I'm comforted by the mere existence of United States Institute of Peace, facilitator of the Iraq Study Group; by the knowledge that not so long ago Congress acted on an idea, first stated in 1792, to establish "an office for promoting and preserving perpetual peace in our country." I am similarly comforted by the roles played by the Center for Strategic and International Studies (CSIS) and the Center for the Study of the Presidency (CSP.)
From the Timeline page of the Institute of Peace:
In March, Congressman Frank Wolf (R-VA) asks USIP to coordinate the Iraq Study Group and appropriates funds for its administration. Three other organizations are asked to assist: the Center for Strategic and International Studies, the Center for the Study of the Presidency, and the James A. Baker III Institute for Public Policy at Rice University. Congressional organizers select former Secretary of State James A. Baker, III, and former chairman of the House International Relations Committee Lee Hamilton as co-chairs of the ISG. The co-chairs, in consultation with the supporting organizations, choose the other members of the ISG.I recognize problems with the process. Why did we wait three years to start the study? Why did we wait 'til after elections to release the results? I question the use of the term "bipartisan" instead of "non-partisan." I'm horrified at even the suggestion of committing more troops to Iraq. But at some point I'm prepared to accept the work of well qualified people who seem to done a thorough job of collecting the facts and exploring the alternatives. I haven't read the entire report yet. I'm printing it out now. So far, it seems to be an example of the clearest thinking and clearest writing I've seen in a long time.
This image is a tile I've had since I was in high school. I bought it at the drug store around the corner from my best friend's house. On the back it's got sticky tape with remnants of sheetrock from someplace I lived in the past.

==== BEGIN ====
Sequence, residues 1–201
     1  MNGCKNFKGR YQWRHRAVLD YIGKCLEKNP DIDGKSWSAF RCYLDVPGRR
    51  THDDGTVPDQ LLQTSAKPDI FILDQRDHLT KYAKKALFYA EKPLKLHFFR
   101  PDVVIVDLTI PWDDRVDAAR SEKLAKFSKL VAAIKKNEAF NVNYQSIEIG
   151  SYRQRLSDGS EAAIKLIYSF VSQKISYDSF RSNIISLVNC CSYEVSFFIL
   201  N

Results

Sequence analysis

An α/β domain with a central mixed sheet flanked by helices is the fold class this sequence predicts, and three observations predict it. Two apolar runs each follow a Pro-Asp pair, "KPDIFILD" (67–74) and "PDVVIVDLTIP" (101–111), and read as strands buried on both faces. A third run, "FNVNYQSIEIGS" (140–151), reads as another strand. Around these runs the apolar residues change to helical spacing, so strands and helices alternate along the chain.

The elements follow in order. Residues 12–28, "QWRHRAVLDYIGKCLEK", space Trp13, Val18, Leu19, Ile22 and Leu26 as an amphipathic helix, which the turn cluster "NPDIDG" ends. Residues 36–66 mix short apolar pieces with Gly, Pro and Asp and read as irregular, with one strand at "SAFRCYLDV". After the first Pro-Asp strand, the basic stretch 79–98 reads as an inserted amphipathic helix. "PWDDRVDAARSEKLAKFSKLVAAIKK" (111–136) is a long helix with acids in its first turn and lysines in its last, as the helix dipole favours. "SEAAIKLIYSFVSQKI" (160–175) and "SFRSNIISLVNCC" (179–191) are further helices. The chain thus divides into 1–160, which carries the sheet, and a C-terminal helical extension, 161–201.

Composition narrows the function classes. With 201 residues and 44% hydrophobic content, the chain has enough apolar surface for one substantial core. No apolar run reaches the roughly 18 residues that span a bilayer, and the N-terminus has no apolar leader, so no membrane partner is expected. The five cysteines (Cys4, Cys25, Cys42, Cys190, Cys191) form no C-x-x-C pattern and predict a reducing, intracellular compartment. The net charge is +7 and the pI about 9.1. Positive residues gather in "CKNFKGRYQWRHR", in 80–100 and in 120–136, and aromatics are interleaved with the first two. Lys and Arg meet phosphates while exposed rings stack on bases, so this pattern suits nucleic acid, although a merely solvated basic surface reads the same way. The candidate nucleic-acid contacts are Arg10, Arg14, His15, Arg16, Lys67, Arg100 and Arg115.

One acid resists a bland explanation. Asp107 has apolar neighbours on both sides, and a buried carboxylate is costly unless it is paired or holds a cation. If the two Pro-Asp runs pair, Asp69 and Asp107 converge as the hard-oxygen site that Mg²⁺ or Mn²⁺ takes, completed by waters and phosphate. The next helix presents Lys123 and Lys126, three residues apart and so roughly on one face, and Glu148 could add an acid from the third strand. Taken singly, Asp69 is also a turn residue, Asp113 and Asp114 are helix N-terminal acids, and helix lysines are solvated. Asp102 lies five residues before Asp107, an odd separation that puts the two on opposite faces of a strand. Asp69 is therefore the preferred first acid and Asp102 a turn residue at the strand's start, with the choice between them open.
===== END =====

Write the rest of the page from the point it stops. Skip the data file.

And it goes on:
Picasso painted many versions of peace doves. This one, with the many colored people dancing, has always been my favorite. Doves are not enough. In fact, as Bill has explained to me, doves are not inherently peaceful at all. Having no meaningful weapons, they haven't developed any behavioral inhibitions for aggressive behavior. You may have seen them beating on each other at your feeder. In fact, in captivity, they engage in bloody battles. (Sidenote: For some reason Bill met the Postmaster General of the United Nations in the fifties and this dove issue came up in conversation. The Postmaster was so impressed that he declined to use any dove designs for UN stamps for the duration of his term in office.)
So, with fervent hope and a grain of optimism, today I'm hanging the peace dancers where I'll see them every day. Perhaps in some magical way, the energy of being reminded daily of the possibility of peace will coalesce and contribute to the peace effort. Or perhaps it will remind me to talk to everyone I know and lots of people I don't know yet, about the possibility of peace and the importance of working for it.
(Cross posted at Dryden Democrats)